Advent In Dubrovnik


This post was created in collaboration with Croatia Full Of Life

The last trip of this year was to Dubrovnik, Croatia. Dubrovnik is the popular tourist destination in Summer, but I love traveling to places like this in Winter for the few reasons.

Firstly, the crowds-I mean the lack of them in Winter. I got to the city wall minutes before it closed, but once you there- you gotta walk along it. Somewhere in the middle of the walk, I saw a man approaching me, thinking he’ll tell me to hurry up, as photographing and recording video made my walking a bit slower than usual.  When he approached me he greeted me with a big smile. I apologized for taking my time with pictures and video and he told me - “ Don’t worry,  just enjoy it! ” And I did. I enjoyed every single minute of my journey in Dubrovnik. I was enjoying the sunset on the city wall with few other strangers, where in Summer the city walls are visited by 9-12 thousand visitors a day! 

Secondly, I love the Christmas spirit in the town. Christmas decorations and markets create the magical atmosphere. It was great to see how Dubrovnik transforms from day to night activities. There is so much to do to anyone's likings.

 During the day all main attractions are opened- museums and galleries etc. When I pay a visit for the first time I love to take a simple stroll through and around the town, just to get the overall impression and atmosphere. If I get more time, then I do a detailed tour, such as museums and galleries. My trip to Dubrovnik was very brief, which makes me want to go back again and explore it in more detail.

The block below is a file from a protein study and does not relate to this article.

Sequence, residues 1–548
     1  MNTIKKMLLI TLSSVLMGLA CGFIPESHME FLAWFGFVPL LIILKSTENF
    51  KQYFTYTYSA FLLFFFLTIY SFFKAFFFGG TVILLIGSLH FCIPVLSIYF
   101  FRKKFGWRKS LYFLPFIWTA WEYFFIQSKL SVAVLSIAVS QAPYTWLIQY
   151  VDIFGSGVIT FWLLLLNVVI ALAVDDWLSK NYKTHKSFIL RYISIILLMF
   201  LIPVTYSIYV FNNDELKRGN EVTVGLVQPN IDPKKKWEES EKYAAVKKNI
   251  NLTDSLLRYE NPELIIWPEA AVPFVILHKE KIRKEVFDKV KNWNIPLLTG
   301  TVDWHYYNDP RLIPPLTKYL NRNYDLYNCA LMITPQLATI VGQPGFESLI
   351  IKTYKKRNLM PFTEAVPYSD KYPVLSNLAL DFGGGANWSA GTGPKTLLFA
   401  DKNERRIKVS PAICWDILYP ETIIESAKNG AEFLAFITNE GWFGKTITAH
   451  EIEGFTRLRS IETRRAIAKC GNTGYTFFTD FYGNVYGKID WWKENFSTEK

I started to explore the city from top to bottom because Dubrovnik is situated at the foothill of the Srdj mountain. The cable car runs every half and hour, and its only a few minutes walk from the Old City. The view over Dubrovnik from 415 meters high is just spectacular. There is a viewing platform, a cafe, and a restaurant, a gift shop, and the Napoleonic Fort Imperial hosts the museum about the Croatian War of Independence. 

There are only three entrances to the Old City, I continued my exploration by entering the Northern entrance. That’s the spot where you’re at the bottom of the City Wall and at the same time on the highest road (Pelline) within the walls. I had to choose one out of fourteen very steep and very narrow, but all uniquely beautiful streets to take approximately 200 steps down to the principal street called Placa or Stradun. 

Stradum is the main shopping area and the widest street which divides the Old City into its Northern and southern part. The street stands on what once was the shallow sea channel that separated the settlements between the mainland and the peninsula. Placa acquired its proper function in the late 12th century when both settlements were joined into one urban unit by a city wall complex. Stradun looks so festive during the Christmas time- shops, markets stalls, decorations and plenty of lights made me to stroll this street dozen of times up and down.

The City Walls were the last to explore and I managed to get the last entry and was rewarded with the most beautiful location to watch the sunset. The City Walls is one of the best preserved fortification complexes in Europe. The 1940-metre long walls include five forts and sixteen towers and bastions.

The sun sets and the nightlife begin in Dubrovnik. It doesn’t snow in Dubrovnik, but in the evening, when all the Christmas lights are on, it feels extremely festive and joyful. Street bars and markets sell warm food, souvenirs and the hot cocktails (the one with orange liqueur and amaretto was the best). I’d like to come back again in Winter time, get inspired by the outstanding beauty, people, and the culture.